New student orientations are kicking off at colleges across the country, and parents are busy buying mini fridges and dorm-sized bed sheets. As students head off this fall, many will also carry with them record-high levels of student loan debt.

This year, outstanding student loan balances reached an all-time high of $1.12 trillion – an increase of $124 billion since last year, according to the New York Federal Reserve. Nearly 11 percent of aggregate student loan debt was at least 90 days delinquent or in default, as Politico reported last week

College graduates now leave school with an average of $26,500 in student loan debt – $4,600 more than the average student graduated with in 2001. Federal subsidies now account for 71 percent of all student aid. According to the College Board, over the past 10 years, the number of students borrowing through federal student loans increased by 69 percent.

>>> Chart: How Student Loan Debt Has Increased in Recent Years

Increases in debt have been driven by increases in college costs. In the last 30 years, inflation-adjusted tuition and fees at private colleges increased by 153 percent. Tuition and fees at public universities for in-state students increased 231 percent.

College costs have risen more than health care costs—by some estimates, twice as much—and faster than increases in the price of food. State-level spending has increased 88 percent since 1999.

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Increases in tuition and fees over the past 30 years suggest that growth in federal subsidies such as loans and grants has done little to mitigate the college cost problem. And all of this spending and debt is not producing adequate outcomes:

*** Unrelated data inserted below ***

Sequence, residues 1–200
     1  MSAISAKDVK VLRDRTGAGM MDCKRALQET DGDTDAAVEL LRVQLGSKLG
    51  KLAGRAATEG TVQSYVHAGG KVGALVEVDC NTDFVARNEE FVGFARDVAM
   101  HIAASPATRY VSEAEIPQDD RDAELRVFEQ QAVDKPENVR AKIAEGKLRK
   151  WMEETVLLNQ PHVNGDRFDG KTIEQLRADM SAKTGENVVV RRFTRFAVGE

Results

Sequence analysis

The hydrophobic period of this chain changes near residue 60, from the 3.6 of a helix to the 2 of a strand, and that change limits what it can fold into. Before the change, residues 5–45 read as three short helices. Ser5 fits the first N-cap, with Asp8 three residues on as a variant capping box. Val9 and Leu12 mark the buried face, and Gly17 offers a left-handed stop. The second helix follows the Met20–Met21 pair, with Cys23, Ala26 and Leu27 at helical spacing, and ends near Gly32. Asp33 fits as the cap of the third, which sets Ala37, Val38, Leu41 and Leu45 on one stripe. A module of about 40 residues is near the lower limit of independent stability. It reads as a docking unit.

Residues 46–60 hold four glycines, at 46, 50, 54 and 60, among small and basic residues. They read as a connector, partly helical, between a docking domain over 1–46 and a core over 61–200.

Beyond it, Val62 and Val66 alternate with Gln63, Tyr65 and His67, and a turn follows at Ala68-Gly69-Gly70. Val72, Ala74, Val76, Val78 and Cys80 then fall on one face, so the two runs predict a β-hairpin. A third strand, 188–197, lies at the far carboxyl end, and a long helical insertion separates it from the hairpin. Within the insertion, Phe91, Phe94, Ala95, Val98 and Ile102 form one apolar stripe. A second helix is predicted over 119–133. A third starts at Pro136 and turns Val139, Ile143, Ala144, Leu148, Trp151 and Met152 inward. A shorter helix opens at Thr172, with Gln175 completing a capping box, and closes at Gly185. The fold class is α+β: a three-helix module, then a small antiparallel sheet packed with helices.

• The 6-year college graduation rate stands at 59 percent. Just 41 percent of undergraduates complete college within 4 years.
  • According to the Center for College Affordability and Productivity, 48 percent of working college graduates held jobs that did not require a college degree in 2010. Thirty-seven percent were in jobs that only required a high school diploma.

Why is college so expensive? Maybe it’s the administrative bloat. As University of Arkansas professor Jay P. Greene found, “Between1993 and 2007, the number of full-time administrators per 100 students at America’s leading universities grew by 39 percent, while the number of employees engaged in teaching, research or service only grew by 18 percent.” Student enrollment, by contrast, grew just 15 percent over the same time period.

Perhaps it’s all the college football coaches making more than $1 million. Here’s a handy list of the top ten highest paid college football coaches, compiled by USA Today. Alabama’s Nick Saban tops the list, taking home over $5.5 million in 2013.

The most likely culprit, however, is the open spigot of federal student aid that has enabled such profligacy. According to a new report from the Center for College Affordability and Productivity, federal student aid “contributes to skyrocketing costs, finances a wasteful academic arms race, weakens academic standards, lowers educational opportunity, and worsens the underemployment/overinvestment problem.”

Congress has long tried to help students afford a college education. It has cut interest rates on federal student loans, vastly expanded federal lending and lifted caps on borrowing. In the 1980s, it even let parents borrow directly from the feds — through the Parent PLUS program — to pay for their children’s college. Each effort has only enabled universities to continue to raise tuition.

Innovative approaches to limiting federal intervention in higher education through accreditation reform hold the promise of dramatically reducing college costs. Sen. Mike Lee, R-Utah, and Rep. Ron DeSantis, R-Fla., have put forward proposals that would do just that. By enabling states to take the lead on accreditation, the HERO Act creates a promising way to drive down costs and increase customization and opportunity in higher education.